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List, lists and more lists: The Best of 2009

List, lists and more lists: The Best of 2009

 

Our blog is not even a year old, so we won’t be sharing ourown “Top 10” list quite yet.  (We will be keeping track for next yearthough.)  That said, of course, we’d beremiss if we didn’t mention THE big architectural story of Dallas in 2009; the opening of the AT&TPerforming Arts Center.  With thecompletion of buildings designed by Foster + Partners and REX/OMA, the largesturban arts district in the U.S.boasts buildings by 4 Pritzker Prize laureates.  The Arts District has been the focus ofinternational attention and is the fodder for ourcurrent exhibition and thefirst walking tours we’ve kicked off. It has been great fun being just “across the street” from all theexcitement.

And we’ve been on some lists ourselves.  The Dallas Centerfor Architecture was named a 2009 Outstanding Project by the Dallas Chapter ofTEXO and was named Best Cultural Project in McGraw-Hill’s Best of 2009 DesignAwards. We were also featured in TexasArchitect and Modern Luxury Dallas.Quite an inaugural year!

So now on to the list of other people’s lists.  (Wouldn’t it be nice to include somethingthat our local full-time architecture critic (if we had one) had put together?Obviously one of our collective 2010 resolutions needs to be to force the mediato pay more attention to the architecture around us. Anyway…)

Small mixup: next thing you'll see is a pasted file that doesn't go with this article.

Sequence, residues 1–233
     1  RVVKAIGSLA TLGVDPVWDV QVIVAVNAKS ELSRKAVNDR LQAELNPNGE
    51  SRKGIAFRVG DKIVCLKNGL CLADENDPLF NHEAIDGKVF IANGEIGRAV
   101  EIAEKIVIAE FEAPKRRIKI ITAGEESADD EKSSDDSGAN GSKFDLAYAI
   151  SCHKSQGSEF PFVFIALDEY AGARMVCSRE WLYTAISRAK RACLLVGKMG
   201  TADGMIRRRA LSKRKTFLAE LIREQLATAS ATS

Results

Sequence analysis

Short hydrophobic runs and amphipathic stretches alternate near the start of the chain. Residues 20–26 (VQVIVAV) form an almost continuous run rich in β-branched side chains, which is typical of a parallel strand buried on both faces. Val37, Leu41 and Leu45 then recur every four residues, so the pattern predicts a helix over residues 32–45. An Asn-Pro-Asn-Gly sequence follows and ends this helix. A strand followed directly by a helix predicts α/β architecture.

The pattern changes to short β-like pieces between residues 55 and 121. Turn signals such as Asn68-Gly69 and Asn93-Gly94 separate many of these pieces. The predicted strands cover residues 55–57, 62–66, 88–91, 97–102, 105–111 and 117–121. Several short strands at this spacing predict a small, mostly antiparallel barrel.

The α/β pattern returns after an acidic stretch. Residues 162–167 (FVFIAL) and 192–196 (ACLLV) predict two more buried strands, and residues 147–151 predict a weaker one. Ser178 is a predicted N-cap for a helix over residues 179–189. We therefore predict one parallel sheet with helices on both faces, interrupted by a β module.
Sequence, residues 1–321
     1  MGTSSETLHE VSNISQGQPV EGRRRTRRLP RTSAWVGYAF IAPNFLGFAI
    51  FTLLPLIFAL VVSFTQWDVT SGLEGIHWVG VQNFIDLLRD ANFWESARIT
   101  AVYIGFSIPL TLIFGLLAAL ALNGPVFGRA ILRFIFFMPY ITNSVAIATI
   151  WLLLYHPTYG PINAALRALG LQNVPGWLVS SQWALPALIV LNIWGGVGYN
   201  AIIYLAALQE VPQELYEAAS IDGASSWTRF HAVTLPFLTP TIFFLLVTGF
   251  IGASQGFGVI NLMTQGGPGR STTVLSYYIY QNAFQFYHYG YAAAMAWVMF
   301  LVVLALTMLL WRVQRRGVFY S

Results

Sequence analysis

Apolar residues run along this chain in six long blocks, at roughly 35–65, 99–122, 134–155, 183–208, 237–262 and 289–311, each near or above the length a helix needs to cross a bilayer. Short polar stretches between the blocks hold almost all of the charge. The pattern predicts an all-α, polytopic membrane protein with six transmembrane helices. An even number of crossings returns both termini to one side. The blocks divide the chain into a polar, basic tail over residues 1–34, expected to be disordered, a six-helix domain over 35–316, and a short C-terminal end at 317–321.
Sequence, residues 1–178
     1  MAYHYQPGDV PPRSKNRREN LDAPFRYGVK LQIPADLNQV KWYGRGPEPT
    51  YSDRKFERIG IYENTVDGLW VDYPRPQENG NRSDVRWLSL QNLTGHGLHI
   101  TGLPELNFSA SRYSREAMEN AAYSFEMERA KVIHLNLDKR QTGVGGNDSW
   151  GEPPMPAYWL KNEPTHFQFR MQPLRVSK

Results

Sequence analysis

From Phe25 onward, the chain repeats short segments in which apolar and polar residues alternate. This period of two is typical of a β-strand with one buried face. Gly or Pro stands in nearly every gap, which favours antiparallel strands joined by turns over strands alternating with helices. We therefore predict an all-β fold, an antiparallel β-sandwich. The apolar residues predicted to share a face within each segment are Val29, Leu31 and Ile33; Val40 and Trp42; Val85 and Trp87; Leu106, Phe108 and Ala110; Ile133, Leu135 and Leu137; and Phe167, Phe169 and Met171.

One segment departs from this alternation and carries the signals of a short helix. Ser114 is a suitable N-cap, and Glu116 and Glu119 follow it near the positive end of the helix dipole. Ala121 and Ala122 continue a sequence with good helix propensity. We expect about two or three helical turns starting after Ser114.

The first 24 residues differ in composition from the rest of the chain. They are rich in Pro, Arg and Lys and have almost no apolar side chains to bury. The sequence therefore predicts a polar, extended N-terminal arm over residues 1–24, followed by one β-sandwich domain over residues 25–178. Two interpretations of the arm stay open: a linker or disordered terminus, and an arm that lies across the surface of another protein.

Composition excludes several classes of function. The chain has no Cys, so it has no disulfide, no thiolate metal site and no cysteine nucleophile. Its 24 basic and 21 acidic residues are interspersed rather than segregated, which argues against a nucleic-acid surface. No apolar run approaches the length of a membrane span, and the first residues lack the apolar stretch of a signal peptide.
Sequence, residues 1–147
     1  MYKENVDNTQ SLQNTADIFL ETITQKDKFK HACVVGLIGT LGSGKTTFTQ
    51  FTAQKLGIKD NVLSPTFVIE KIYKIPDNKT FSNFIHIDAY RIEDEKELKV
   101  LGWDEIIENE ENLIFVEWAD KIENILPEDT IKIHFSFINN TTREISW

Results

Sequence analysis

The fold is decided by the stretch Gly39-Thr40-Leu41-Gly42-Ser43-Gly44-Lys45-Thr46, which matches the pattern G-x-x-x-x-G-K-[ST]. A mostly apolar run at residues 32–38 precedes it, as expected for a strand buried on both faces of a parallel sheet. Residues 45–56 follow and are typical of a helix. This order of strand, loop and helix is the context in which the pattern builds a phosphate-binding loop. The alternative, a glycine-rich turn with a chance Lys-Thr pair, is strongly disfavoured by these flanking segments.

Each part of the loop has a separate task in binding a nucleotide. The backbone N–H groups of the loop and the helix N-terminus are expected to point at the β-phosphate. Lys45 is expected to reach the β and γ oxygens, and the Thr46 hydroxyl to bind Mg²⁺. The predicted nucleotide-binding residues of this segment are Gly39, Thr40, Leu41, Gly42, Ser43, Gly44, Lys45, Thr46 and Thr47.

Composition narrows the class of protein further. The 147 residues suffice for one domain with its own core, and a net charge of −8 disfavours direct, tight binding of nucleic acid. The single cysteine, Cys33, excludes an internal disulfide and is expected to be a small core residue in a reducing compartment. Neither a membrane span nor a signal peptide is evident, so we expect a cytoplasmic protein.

Paul Goldberger, one of our favorite critics, posted his TenMost Positive Architectural Events of 2009 online for The New Yorker. Like most, he heralds the High Line. Mention isalso given to the Guggenheim Museum, which like ourown Kalita Humphries Theater, celebrated its 50th birthday thisyear.

Big D gets mention in LATimescritic Christopher Hawthorne’s TopTen Architectural Moments of 2009.  TheWyly Theatre is paired with Lincoln Center’s Alice Tully Hallas a building “that helped breathe new life into the design of spaces for theperforming arts.”

 The New York Times chimesin as well with aretrospective of the last year.  Onehopes that Thom Mayne’s building for our Museum of Natureand Science is as well-received as his building for Cooper Union has been.

 And San Franciscocritic John King, who wrote the feature article on the Arts District openingfor D Magazine, goes back through theentire decade for his listof architectural achievements out west.

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